Hot water is a common cause of household injuries in Kansas City. Hot water can be dangerous because it can result in scalds and burns to the skin while people bathe, shower or simply wash their hands. This is especially true with regard to children, who are more vulnerable to those types of injuries. However, there are a number of safety techniques that people can utilize to avoid scalding water and burn injuries.
The main way to avoid hot water injuries is to turn the temperature on the water heater down to below 120 degrees Fahrenheit. A child can get third degree skin burns in two seconds when water is at 150 degrees, but at around 120 degrees inflicting that same injury would take 10 minutes.
If the water heater does not have a temperature gauge, it is possible to adjust the water temperature using a thermometer. The proper way to do this is to let the hot water run for five minutes before testing the temperature. Then the temperature control can be moved up or down as needed. It may take a full day or more for the temperature to finish adjusting, so the temperature test needs to be repeated the next day, and further adjustments may be needed over several days.
People who live in apartment buildings and do not have access to the water heater thermostat are advised to submit a request to management. Tenants should explain that the hot water temperature is hot enough to cause burn injuries, and that it should be turned down accordingly. If management fails to honor the request then they might be held liable for any resulting burn injuries.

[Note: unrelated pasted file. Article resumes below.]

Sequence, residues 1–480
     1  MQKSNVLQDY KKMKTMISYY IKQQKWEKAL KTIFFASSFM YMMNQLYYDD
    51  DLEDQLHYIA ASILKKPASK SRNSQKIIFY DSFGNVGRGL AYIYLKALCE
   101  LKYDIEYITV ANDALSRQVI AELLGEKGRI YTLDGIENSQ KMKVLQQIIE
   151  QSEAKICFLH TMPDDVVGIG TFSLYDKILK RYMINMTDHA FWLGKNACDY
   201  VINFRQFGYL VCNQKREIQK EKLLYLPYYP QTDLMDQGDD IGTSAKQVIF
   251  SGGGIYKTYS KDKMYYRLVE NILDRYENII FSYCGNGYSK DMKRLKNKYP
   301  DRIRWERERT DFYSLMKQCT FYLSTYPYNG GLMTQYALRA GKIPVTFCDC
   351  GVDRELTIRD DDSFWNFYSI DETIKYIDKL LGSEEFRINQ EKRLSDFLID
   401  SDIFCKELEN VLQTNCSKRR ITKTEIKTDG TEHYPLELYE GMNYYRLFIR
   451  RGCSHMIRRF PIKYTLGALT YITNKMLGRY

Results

When giving baths to children it is good practice to run the bath water before putting anyone in the tub. That will allow the water temperature to even out first and reduce the chances of burns. Infants are extra sensitive to temperature fluctuations so it is a good idea to test the water temperature on the inside of the wrist, which matches a baby's skin sensitivity.
It is also a good idea for young children to wash their hands using only cold water. That way they avoid burns associated with accidentally turning the hot water valve too high.
Source: News Ohio, "Hot water safety tips for parents: How to avoid scalds and burns"